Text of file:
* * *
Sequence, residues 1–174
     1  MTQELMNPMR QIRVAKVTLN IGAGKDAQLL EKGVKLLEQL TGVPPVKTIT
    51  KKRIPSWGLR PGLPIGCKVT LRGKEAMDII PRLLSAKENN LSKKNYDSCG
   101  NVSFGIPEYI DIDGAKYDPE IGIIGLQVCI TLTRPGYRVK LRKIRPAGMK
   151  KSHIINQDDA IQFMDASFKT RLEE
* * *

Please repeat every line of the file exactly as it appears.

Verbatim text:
Sequence, residues 1–174
     1  MTQELMNPMR QIRVAKVTLN IGAGKDAQLL EKGVKLLEQL TGVPPVKTIT
    51  KKRIPSWGLR PGLPIGCKVT LRGKEAMDII PRLLSAKENN LSKKNYDSCG
   101  NVSFGIPEYI DIDGAKYDPE IGIIGLQVCI TLTRPGYRVK LRKIRPAGMK
   151  KSHIINQDDA IQFMDASFKT RLEE